When I was 14-years old my beloved Grandmother turned 85. On the day of her birthday, our family hosted a small party for Grandma in the community room of her senior apartment complex. As the afternoon event was winding down, my sister, Barbara, and I sat chatting with Grandma.
Making small talk, we asked Grandma how it felt to be entering her ninth decade. Her answers were pretty much standard platitudes: “I’m grateful to be healthy,” “Happy to enjoy time with family,” and “Appreciative of this wonderful party.”
Then my sister casually threw out another question: “You’re 85 today, Grandma, but how old do you really feel?” Without missing a beat, she responded “28.”
“Twenty-eight!” my sister and I replied in union.
Her response had been so fast and so firm. My sister and I couldn’t help ourselves, we broke into laughter and Grandma good-naturedly joined in with a hearty chuckle.
How old do you feel inside?
Although we pressed Grandma to tell us more, she really didn’t explain too much other than to say, “That’s the age I feel inside.”
I remember thinking, how could Grandma with her thin white hair, wrinkly face, old-fashioned cotton dresses and stout walking shoes possibly feel like a young woman? After all, from the outside she was a very old person and her life was clearly winding down.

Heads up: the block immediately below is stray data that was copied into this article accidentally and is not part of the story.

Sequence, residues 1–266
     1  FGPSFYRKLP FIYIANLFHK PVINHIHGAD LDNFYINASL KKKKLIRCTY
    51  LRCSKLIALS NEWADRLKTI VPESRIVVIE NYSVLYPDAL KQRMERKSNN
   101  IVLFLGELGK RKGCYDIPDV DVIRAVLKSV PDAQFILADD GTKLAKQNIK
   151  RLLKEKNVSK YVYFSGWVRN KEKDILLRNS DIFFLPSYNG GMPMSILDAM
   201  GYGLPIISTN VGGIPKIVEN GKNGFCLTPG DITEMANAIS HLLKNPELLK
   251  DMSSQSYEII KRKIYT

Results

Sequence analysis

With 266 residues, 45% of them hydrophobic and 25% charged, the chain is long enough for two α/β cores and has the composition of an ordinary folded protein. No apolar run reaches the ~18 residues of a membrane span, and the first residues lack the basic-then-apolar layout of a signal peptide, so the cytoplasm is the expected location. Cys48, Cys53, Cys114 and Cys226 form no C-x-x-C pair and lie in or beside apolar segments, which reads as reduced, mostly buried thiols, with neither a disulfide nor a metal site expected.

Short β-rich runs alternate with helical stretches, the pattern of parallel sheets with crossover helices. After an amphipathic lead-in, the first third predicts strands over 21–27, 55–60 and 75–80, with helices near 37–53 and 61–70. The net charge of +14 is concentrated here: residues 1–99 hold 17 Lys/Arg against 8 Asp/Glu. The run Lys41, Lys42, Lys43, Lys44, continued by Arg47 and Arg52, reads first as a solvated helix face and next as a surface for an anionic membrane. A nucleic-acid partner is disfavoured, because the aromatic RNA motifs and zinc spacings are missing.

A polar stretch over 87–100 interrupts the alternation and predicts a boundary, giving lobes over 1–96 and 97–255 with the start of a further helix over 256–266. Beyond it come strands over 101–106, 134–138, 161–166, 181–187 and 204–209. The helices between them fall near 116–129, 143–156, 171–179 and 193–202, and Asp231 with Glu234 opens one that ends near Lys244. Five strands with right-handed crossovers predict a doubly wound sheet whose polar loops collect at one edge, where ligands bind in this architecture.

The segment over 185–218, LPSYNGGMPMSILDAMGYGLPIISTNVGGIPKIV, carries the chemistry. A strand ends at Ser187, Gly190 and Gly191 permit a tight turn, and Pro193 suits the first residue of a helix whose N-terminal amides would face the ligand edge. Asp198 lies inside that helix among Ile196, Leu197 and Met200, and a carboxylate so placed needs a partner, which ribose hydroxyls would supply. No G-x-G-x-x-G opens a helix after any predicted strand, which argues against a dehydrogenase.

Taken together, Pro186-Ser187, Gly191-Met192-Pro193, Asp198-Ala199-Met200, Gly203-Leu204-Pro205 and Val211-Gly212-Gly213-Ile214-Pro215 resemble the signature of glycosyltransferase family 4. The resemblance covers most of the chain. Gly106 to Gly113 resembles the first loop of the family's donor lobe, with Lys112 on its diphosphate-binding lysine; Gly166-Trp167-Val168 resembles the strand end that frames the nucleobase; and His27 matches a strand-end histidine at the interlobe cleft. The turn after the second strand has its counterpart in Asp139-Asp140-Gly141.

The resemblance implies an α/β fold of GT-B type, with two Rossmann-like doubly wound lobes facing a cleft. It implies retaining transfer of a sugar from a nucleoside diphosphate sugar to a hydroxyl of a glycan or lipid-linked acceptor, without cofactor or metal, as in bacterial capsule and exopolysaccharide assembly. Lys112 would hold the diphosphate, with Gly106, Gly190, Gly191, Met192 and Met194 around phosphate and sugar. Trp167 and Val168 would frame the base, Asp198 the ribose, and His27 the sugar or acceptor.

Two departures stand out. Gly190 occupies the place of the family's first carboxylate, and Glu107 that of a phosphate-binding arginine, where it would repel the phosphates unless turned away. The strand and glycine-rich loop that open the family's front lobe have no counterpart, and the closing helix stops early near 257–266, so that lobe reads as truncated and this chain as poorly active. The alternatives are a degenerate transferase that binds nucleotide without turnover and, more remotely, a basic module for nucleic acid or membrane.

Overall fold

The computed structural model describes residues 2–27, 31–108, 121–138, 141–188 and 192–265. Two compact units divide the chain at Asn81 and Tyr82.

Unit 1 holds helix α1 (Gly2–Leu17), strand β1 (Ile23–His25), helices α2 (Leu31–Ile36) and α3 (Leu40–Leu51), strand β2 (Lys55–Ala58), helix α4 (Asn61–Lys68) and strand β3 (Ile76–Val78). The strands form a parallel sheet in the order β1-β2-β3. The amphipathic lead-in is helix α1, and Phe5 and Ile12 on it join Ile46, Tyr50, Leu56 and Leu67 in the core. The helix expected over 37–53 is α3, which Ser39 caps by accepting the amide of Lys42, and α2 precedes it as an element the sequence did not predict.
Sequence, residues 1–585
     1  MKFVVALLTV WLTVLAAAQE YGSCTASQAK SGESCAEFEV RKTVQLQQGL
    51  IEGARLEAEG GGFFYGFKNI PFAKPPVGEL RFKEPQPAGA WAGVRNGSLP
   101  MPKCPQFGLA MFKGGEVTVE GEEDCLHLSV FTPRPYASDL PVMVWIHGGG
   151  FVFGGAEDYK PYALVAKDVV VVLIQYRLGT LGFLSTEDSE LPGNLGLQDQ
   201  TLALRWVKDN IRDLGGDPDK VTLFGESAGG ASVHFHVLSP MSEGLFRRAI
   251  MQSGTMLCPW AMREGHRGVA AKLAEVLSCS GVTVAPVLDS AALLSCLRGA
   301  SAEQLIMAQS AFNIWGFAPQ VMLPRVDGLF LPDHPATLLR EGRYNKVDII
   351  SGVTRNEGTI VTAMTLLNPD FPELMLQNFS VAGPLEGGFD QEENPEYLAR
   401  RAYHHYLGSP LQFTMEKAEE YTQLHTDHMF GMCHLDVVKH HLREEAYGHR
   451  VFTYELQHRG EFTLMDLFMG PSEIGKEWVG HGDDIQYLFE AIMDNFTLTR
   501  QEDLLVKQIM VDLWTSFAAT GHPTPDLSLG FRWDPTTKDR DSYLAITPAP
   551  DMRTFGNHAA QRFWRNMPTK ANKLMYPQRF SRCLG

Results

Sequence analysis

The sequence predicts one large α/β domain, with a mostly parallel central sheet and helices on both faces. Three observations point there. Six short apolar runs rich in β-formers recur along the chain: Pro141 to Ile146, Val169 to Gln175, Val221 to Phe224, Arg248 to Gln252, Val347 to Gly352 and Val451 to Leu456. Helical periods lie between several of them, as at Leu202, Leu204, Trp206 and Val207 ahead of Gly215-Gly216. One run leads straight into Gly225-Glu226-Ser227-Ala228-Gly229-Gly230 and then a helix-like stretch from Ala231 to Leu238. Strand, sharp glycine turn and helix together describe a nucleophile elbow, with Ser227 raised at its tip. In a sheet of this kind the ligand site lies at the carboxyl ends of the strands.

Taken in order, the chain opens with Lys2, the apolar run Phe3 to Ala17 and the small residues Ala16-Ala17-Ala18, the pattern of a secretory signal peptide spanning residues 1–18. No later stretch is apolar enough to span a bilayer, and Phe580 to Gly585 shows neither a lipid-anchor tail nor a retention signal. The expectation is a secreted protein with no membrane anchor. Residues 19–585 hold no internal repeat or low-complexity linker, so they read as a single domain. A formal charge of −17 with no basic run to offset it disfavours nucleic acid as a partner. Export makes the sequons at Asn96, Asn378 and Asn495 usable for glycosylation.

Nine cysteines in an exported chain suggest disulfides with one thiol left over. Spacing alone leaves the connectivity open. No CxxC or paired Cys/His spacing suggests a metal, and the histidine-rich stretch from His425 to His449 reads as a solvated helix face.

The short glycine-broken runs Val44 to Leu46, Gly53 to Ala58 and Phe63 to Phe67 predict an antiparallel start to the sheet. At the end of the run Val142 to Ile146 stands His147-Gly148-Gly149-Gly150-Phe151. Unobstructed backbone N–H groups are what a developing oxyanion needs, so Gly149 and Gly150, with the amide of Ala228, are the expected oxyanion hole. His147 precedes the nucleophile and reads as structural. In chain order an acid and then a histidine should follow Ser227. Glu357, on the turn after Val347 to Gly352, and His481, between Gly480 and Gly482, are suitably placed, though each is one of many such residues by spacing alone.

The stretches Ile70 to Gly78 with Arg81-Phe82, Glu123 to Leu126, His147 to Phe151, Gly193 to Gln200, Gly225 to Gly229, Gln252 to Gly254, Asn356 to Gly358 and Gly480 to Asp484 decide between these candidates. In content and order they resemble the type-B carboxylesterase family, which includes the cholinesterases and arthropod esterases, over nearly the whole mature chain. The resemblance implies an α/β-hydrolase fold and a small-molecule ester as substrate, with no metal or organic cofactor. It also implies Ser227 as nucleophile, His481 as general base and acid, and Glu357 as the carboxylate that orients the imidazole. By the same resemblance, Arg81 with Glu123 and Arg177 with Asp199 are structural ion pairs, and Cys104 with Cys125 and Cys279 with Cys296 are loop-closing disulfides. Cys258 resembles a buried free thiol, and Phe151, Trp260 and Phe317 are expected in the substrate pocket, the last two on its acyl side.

But obviously, Grandma saw herself differently. At the time, I found this funny and sweet.
Time marched forward. My sister and I became adults and Grandma’s life did indeed wind down. She died in 1975 at age 91.
Celebrating milestone birthdays
A week ago, I turned 60. A milestone birthday.
I’m at the age where I feel great physically and mentally, but my body no longer looks young. Often, I catch a glimpse of myself in a mirror or see myself in a photo and think, Who is that old woman?
Yes, it’s me, but not the real me. The real me still feels youthful, vibrant and engaged. The real me feels 28.
Grandma was right.